It’s been a while since i’ve written one like this. In my efforts to do something new and not continue sticking my head into the same rabbit holes, i’ve mostly turned to literal iterations: Is what it is, as it goes, so they say. Certainly there were themes played upon but nothing remotely allegorical. I don’t recall exactly how the story came about, but what it’d be about and the progression of it, that was all solidly in mind at the get-go. Never sketched but i knew what i wanted to do with it.
While i don’t remember exactly how it came about, i certainly know the tapestry it’s painted on. The island i was reflecting on, ruminating on, thinking about, wondering about, and i was considering the experience of my brother-in-law, who’s from Mangaia. But the reflection on Teraina started with a video that randomly popped up in suggestions. Looking for that link, i got sucked into another on Rakahanga. And since that took us to the Cooks, i figured i should find Mangaia. Absolutely incredible islands.
Watching that video and several others began the reflection on them. Rumination on them. Amusing thoughts towards, if you were ever stuck on a tropical island… From those thoughts the story sprung with input from the forces that are always around. The ones i’ve been trying to avoid, but this comes at a bit of a different angle. Less about overcoming, and more about recovery.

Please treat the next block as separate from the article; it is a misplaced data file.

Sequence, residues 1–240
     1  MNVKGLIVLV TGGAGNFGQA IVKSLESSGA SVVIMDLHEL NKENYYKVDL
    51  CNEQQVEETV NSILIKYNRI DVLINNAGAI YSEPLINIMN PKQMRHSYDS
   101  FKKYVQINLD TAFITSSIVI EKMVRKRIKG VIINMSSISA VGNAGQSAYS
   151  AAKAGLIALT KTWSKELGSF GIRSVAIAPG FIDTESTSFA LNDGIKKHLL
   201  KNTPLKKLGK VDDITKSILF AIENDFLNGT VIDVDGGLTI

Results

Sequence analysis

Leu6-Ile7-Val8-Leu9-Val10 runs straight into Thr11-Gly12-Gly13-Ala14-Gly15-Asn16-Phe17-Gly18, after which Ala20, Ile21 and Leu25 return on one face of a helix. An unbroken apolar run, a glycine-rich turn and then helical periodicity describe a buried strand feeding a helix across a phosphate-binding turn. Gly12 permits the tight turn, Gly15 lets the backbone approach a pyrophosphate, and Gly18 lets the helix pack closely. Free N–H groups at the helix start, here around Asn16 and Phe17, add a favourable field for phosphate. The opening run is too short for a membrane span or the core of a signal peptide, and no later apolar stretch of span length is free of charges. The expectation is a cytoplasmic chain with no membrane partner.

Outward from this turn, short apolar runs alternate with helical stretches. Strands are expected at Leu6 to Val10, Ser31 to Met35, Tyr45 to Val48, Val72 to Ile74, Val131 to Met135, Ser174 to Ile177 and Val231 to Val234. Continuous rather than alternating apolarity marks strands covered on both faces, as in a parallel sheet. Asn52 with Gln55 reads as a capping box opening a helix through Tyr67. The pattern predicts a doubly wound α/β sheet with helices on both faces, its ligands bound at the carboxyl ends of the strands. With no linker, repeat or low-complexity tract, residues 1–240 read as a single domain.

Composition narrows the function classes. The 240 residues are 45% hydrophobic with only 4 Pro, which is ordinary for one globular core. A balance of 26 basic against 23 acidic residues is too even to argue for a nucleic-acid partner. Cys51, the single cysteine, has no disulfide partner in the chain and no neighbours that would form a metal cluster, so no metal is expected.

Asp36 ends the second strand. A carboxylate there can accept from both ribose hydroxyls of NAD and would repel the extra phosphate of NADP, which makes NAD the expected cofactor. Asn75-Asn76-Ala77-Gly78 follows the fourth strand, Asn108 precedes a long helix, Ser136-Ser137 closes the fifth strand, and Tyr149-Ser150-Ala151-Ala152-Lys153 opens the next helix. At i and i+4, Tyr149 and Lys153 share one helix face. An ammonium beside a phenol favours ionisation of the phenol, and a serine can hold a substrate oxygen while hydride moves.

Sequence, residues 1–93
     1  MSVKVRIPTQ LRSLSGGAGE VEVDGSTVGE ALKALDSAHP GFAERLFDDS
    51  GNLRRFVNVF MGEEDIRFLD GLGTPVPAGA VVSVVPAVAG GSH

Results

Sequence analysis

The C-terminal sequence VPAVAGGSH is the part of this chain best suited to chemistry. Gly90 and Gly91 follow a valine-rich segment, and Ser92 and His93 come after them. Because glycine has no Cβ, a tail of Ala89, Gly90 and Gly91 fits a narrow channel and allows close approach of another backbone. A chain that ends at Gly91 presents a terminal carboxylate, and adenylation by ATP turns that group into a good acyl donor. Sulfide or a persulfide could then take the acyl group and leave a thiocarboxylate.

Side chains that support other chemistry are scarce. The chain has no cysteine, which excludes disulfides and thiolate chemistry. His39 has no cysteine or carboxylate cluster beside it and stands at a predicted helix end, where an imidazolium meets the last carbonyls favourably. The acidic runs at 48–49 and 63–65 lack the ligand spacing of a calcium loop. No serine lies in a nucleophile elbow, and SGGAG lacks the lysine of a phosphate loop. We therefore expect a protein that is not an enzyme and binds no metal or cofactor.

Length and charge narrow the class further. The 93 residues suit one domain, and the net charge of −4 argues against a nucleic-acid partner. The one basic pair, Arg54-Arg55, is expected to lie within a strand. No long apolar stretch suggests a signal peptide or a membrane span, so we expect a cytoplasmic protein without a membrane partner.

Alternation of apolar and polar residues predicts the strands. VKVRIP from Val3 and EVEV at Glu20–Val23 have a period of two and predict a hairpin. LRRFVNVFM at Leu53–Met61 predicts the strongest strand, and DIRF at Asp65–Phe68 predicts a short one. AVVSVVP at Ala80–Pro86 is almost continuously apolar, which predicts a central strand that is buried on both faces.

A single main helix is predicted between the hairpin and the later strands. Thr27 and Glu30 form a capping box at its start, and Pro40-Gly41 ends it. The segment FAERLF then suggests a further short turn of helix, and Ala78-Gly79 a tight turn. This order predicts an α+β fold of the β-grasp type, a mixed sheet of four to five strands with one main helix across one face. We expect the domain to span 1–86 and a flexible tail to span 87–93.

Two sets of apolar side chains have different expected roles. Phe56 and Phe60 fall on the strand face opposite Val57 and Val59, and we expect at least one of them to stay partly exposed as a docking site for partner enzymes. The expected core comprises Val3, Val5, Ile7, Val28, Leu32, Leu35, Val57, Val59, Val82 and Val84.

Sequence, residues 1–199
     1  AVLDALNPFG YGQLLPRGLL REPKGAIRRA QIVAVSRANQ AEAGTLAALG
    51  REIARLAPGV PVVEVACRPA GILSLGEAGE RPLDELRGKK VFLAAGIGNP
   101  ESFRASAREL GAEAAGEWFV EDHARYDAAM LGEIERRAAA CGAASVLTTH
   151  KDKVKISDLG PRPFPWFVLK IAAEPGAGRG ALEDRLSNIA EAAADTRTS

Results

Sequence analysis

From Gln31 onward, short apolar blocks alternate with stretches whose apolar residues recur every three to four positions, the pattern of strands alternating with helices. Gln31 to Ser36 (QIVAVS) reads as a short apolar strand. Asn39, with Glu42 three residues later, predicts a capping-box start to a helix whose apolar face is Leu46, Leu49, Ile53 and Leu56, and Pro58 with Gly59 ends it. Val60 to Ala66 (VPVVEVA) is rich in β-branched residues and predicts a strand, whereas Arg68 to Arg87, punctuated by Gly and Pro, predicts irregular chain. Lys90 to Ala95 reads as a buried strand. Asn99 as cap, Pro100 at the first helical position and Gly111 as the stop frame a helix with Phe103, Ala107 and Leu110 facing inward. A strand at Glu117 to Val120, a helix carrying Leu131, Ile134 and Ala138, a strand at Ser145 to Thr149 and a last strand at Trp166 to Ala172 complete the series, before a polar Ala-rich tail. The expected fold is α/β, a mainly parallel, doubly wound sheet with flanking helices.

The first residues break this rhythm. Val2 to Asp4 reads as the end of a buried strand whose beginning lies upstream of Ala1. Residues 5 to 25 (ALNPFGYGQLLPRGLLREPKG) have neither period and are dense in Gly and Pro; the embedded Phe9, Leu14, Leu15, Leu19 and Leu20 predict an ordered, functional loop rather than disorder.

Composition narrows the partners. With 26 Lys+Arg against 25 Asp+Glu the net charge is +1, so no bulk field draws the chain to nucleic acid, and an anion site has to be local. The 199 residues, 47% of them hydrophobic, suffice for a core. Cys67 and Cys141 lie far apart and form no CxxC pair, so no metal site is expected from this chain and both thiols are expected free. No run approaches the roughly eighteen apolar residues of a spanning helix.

As always, the island is a metaphor for LSD – joke: The LSD is literal.
It had been a fairly average life for a reasonably average man. He was born into a decent family, did well enough in school to continue going for a while, and ultimately landed a job. And that’s where everyone thought he’d make his mark, because his work was quickly recognized. He was young, at the pinnacle of his career, and his future looked bright by anyone’s measure. Unfortunately, he was at the pinnacle of his career. That is, he would never achieve greater success, and he and his career would take a sharp nosedive, shortly thereafter.
But that never bothered him. What bothered him was how to keep a promise that he’d made.
Sometimes humorous, occasionally poignant, and at least once, alliterative, Ben-nao discovers that broken bones don’t hold a candle to broken vows.